5 Museums Recognized by Their Amazing Architecture

Museum of Tomorrow 

This museum, located in Rio de Janeiro , Brazil, is a great example of how to recover urban spaces through art and culture. It was inaugurated on December 19, 2015, and is part of the Porto Maravilha project , which seeks to improve the historic center of this city. In total, it has 15,000 square meters, including overhangs 75 meters long on the square and 45 other meters above the sea in the Bay of Guanabara. It also uses 40 % less energy because it has movable wings equipped with 6,200 solar panels and an air conditioning system with water from the bay , making this building a world point of reference for avant-garde architecture .

Image courtesy of Brian Godfrey at Flickr.com

This space is specially dedicated to creating awareness about the changes that the planet will have in the future through exhibitions about problems such as population growth and climate change. It also has interactive games and audiovisual rooms that allow the viewer to have a complete and more dynamic experience. It has bike paths, public areas and reflecting pools that give people the opportunity to appropriate the spaces of the city.

Its architect, the Spanish Santiago Calatrava, was inspired by the Bromeliads, a type of flowers with thick leaves and reddish tones . His intention is to see this architectural work as something light that evoked the image of a bird or plant. Santiago Calatrava is recognized by the Principe de Asturias award in 1992 and the National Architecture Award 2005, among others.

Related Content and more incredible architecture: The 8 Tallest Buildings In The World Today And Tomorrow

Museum Guggenheim de Bilbao

Image courtesy of Guillén Pérez at Flickr.com

Although it was built from October 1993 until opening in 1997, it remains as a global architectural reference. It´s recognized for being composed of a variety of curved walls, and interaction with the context.

The exterior is comprised of 33,000 thin layers of titanium surrounding the site so that the construction looks like a ship. This aims as a tribute to Bilbao, the port area where the museum is. These sheets are carefully designed to interact with light and create reflections of different colors. It also contains materials such as limestone and glass that help the visual impact.

The interior of the place has a main atrium that likes the exterior, has curves and it is connected with the exterior walls . It also has a counseling room, an auditorium with capacity for 300 people, two restaurants, a cafe and a bookshop.

Its architect, Frank Gehry, wanted to build something that had a relationship with the environment, so the museum has a bridge leading to the city that creates a connection to the water and the people who visit. Frank Gehry has won awards such as the Pritzker in 1989 and the Japanese Imperial Prize in 1992.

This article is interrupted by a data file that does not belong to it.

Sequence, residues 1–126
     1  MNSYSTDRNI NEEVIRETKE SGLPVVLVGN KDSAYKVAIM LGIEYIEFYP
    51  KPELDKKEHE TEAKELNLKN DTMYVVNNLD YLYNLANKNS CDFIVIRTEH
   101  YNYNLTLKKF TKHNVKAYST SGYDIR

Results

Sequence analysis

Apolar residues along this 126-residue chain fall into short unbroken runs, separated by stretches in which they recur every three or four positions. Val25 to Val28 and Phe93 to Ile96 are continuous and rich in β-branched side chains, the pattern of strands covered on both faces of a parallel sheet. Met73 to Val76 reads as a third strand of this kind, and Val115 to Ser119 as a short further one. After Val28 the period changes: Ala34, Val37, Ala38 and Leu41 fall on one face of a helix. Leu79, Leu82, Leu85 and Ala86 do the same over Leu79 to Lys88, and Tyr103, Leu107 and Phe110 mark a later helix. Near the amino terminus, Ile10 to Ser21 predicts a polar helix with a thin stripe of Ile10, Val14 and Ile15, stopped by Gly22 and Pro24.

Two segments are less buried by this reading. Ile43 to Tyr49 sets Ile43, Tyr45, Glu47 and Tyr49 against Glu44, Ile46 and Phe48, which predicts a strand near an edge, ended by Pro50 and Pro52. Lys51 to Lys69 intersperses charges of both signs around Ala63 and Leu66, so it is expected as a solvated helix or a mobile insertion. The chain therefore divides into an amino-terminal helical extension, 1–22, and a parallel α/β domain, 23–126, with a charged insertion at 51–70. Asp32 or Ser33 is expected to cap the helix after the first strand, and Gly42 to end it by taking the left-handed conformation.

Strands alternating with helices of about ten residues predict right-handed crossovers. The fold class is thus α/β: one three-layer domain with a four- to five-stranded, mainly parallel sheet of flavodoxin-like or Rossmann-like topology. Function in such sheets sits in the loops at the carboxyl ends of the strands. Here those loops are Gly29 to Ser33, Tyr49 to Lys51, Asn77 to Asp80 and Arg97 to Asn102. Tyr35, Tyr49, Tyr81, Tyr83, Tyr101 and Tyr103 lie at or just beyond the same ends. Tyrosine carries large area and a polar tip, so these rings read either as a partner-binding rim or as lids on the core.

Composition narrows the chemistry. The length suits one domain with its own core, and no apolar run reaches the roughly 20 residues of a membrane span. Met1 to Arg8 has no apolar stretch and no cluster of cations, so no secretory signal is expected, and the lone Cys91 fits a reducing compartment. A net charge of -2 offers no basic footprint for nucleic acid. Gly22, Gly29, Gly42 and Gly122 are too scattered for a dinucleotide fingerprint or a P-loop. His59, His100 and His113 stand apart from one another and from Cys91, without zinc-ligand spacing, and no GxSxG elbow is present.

Museum Jumex

Image courtesy of vladimix at Flickr.com

Located in Mexico City, this museum is presented as an opportunity to show a building that differs from the other ones that are around. It has a triangular floor and a ceiling specially designed to take advantage of the light. The main goal is to dedicate the space to contemporary art and is expected to receive 300,000 visitors a year.

The building stands out in architectural work of Latin America because of the unique form of the roof. Made of several successive triangles each with windows , it´s given maximum use of sunlight that reaches the third and final gallery floor which allows appreciating much better the artworks. Both artificial lighting and natural can be modified as desired by curators.

Looking that the museum also integrates with people who visit, the building is on a raised platform supported by fourteen columns that allow the part down to be a public square.

This building was designed by British architect David Chipperfield who is recognized for his minimalism. He has principal offices in London, Berlin, and Milan. For this museum, he used materials such as concrete and travertine marble white that gives solidity to the building.

Museum Zentrum Paul Klee

Image courtesy of Johanna at Flickr.com

This building is known for the three hills of steel and glass that integrate with nature around. It was opened in 2005 with the objective of paying homage to Swiss artist Paul Klee.

All their corrugations are of different sizes and with a specific objective. The first one has the entrance hall, a workshop for children and an auditorium with a capacity of 400 attendees . The second one has a permanent collection of Paul Klee and the third one is the center of administration and research.

The architect of the museum is the Italian Renzo Piano, who has won the Pritzker prize. For this construction, he only used gray steel, glass, and oak interior floors .

Museum Kunsthaus Graz

Image courtesy of thisisbossi at Flickr.com

This architectural work located in Graz, Australia is renowned for its low environmental impact because its structure is formed by 1,288 acrylic solar panels that produce the energy that needs.

The size is 27,000 m2 and is dedicated to different forms of audiovisual communication, such as photography, film, and design. The strange shape that resembles as a blue bubble has given it the nickname ” the friendly alien” .

Peter Cook and Colin Fournier are the architects who design this space. Both wanted, through this project, to create a contrast between the old environment and the modern structure of the museum.


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